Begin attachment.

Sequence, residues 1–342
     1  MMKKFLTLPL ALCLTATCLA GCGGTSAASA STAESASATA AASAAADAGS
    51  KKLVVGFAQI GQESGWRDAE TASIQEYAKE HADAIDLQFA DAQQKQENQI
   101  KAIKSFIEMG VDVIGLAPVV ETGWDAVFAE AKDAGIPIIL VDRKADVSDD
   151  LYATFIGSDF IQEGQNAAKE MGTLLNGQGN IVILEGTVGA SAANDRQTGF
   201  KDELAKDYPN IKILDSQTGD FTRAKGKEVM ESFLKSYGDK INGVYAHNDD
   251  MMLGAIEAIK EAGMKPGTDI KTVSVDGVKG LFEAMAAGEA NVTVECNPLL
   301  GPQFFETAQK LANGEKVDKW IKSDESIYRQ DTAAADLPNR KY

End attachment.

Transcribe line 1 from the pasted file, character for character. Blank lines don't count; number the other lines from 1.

Sequence, residues 1–342